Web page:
This statement was written by a group of pulmonologists and pediatric pulmonologists belonging to the corresponding professional associations ÖGP (Austrian Society for Pulmonology) and ÖGKJ (Austrian Society for pediatric and adolescent medicine) to provide a concise overview of the latest updates in the 2015 GINA Guidelines and to include aspects that are specific to Austria.
August 2016: Wiener Klinische Wochenschrift
Raakel Luoto, Tuomas Jartti, Olli Ruuskanen, Matti Waris, Liisa Lehtonen, Terho Heikkinen
UNLABELLED: Respiratory viruses have been recognised as causative agents for a wide spectrum of clinical manifestations and severe respiratory compromise in neonates during birth hospitalisation. Early-life respiratory virus infections have also been shown to be associated with adverse long-term consequences. CONCLUSION: Preventing virus infections by intensifying hygiene measures and cohorting infected infants should be a major goal for neonatal intensive care units, as well as more common use of virus diagnostics...
October 2016: Acta Paediatrica
L Öhrmalm, A Malinovschi, M Wong, P Levinson, C Janson, K Broliden, K Alving
BACKGROUND: Viral respiratory infections have been associated with up to 80% of wheezing episodes and asthma exacerbations. However, studies on the role of these viruses in asthmatic patients in the interval between exacerbations are sparse. This study aimed to determine the presence of respiratory viruses, without symptoms of infection, in the airways of young asthmatics as compared to healthy controls. MATERIAL AND METHODS: Patients 10-35 years of age with stable asthma and a group of healthy controls were analyzed regarding the presence of RNA from common respiratory viruses in nasopharyngeal aspirates by PCR...
June 2016: Respiratory Medicine
Andrew Turnbull, Ian M Balfour-Lynn
This review highlights important advances in paediatric respiratory medicine since 2014, excluding cystic fibrosis. It focuses mainly on the more common conditions, bronchopulmonary dysplasia, bronchiolitis and preschool wheezing, asthma, pneumonia and sleep, and highlights some of the rarer conditions such as primary ciliary dyskinesia and interstitial lung disease (ILD).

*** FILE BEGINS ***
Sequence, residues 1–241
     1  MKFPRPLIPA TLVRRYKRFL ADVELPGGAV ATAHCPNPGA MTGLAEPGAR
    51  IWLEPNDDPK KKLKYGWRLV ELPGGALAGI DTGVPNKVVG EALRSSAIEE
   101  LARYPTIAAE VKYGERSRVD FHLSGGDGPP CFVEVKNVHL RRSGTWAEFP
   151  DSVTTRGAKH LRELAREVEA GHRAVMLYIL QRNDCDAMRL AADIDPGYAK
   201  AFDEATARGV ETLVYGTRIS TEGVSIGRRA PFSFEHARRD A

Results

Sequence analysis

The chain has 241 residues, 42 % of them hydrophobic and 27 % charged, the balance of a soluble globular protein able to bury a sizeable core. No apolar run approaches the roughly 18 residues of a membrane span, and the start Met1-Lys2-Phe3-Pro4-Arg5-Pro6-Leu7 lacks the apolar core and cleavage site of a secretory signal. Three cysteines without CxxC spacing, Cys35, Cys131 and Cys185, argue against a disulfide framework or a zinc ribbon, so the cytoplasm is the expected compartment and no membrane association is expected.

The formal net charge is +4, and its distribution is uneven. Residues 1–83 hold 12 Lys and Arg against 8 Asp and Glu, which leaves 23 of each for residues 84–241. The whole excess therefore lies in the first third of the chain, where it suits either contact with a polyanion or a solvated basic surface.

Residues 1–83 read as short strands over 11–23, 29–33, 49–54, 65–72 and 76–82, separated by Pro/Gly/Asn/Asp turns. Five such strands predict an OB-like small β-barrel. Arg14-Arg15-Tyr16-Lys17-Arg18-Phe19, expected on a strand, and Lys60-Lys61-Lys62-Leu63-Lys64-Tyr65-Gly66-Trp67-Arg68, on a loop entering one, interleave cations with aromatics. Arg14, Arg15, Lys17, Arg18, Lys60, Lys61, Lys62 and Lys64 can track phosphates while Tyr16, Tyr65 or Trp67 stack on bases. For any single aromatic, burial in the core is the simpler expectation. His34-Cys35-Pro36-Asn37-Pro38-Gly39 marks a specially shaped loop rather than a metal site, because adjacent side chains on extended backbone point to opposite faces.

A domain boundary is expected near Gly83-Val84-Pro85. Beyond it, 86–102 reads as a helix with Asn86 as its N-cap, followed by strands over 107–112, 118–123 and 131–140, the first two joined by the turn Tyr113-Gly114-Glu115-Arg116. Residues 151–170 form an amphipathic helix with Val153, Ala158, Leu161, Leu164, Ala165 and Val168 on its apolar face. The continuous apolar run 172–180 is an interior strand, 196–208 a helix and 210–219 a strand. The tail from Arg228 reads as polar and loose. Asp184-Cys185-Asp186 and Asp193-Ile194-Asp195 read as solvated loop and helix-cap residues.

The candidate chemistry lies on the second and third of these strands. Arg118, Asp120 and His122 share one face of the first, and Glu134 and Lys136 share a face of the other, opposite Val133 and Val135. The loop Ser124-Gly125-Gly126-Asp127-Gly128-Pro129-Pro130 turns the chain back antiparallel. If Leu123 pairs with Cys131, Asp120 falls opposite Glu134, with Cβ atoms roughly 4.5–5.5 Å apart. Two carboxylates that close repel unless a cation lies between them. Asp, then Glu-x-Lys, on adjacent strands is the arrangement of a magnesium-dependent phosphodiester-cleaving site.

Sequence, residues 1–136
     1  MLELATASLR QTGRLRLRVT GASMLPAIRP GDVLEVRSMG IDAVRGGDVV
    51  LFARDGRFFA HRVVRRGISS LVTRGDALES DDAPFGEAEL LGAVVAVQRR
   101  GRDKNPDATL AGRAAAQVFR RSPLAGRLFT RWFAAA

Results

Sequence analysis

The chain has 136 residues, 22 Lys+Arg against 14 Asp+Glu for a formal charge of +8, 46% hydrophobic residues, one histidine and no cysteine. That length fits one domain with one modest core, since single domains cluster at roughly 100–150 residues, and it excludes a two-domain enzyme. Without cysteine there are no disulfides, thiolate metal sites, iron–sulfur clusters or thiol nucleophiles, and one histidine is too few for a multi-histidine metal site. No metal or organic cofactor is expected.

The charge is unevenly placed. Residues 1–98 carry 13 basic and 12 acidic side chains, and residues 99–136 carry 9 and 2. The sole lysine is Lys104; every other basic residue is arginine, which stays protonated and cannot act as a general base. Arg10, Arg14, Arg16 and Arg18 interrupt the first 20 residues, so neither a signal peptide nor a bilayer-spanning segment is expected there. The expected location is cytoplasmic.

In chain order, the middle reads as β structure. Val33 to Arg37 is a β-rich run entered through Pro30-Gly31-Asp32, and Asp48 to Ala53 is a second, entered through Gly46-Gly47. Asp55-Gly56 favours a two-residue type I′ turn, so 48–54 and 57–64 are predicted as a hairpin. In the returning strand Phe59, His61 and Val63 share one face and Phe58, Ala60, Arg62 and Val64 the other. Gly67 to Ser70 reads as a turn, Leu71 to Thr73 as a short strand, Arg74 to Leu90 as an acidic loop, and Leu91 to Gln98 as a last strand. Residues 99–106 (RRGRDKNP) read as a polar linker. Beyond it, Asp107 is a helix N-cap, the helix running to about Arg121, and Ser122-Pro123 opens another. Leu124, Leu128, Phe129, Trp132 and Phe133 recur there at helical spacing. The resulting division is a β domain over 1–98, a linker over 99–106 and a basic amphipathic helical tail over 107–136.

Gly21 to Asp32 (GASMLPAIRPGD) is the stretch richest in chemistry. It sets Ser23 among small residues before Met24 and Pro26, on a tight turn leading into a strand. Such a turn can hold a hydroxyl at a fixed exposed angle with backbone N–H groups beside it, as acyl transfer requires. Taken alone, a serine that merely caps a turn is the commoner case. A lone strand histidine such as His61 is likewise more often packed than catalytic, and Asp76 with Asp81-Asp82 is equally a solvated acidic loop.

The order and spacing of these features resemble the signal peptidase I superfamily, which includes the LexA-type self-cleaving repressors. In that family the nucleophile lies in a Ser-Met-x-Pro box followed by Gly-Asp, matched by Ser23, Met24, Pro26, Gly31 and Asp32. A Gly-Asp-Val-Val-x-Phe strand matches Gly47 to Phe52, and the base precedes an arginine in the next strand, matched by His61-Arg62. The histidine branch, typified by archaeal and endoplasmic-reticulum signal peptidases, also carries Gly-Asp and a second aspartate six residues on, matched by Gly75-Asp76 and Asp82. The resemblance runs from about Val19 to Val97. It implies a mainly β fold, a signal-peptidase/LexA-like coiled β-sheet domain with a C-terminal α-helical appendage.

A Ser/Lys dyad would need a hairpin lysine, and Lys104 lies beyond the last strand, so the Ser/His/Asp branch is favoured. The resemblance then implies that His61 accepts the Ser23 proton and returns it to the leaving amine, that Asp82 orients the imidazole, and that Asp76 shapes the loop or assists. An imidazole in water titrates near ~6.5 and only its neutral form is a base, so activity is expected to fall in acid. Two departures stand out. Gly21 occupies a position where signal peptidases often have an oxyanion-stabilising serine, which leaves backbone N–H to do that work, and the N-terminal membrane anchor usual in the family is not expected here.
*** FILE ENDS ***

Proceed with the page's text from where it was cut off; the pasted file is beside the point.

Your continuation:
February 2016: Archives of Disease in Childhood
A Quezada, L Maggi, X Norambuena, J Inostroza, F Quevedo
BACKGROUND: To analyse specific immune response to the 23-valent pneumococcal polysaccharide vaccine by measuring pneumococcal antibodies in children with asthma and with respiratory recurrent infection (RRI) as compared to healthy children. METHODS: The study included 60 children, divided into three groups: 20 with asthma, 20 with RRI, and 20 healthy controls. Post-vaccination specific IgG antibodies against 10 pneumococcal serotypes (S1, S3, S4, S5, S6B, S9V, S14, S18C, S19F, and S23F) contained in the 23-valent pneumococcal polysaccharide vaccine (PPV) were measured...
July 2016: Allergologia et Immunopathologia
Ali Arabkhazaeli, Susanne J H Vijverberg, Cornelis K van der Ent, Jan A M Raaijmakers, Anke H Maitland-van der Zee
OBJECTIVE: Severe asthma exacerbations are often treated with short courses of oral corticosteroids (OCS). This study assessed the incidence of OCS being prescribed in asthmatic children of various age groups and calculated their chances of receiving subsequent OCS prescriptions. METHODS: Longitudinal Dutch community pharmacy data of 2272 children who were regular users of asthma medication was analyzed retrospectively. Incidence rates for first, second and third prescriptions of OCS were calculated, stratified by age and sex...
December 2016: Journal of Asthma: Official Journal of the Association for the Care of Asthma
Kenneth J Gruber, Beth McKee-Huger, April Richard, Brett Byerly, Jana L Raczkowski, Thomas C Wall
BACKGROUND: Studies have revealed the efficacy of home-based environmental interventions on reduction of asthma symptoms as a strategy for managing asthma in children. A focus on education and behavior change alone is generally too limited to reduce exposure to asthma triggers that exist because of adverse housing conditions. OBJECTIVE: To demonstrate that housing conditions as a focus of a health intervention should be considered more widely as an effective means of addressing serious health problems such as asthma...
May 2016: Annals of Allergy, Asthma & Immunology
Kim D Lu, Wanda Phipatanakul, Matthew S Perzanowski, Susan Balcer-Whaley, Elizabeth C Matsui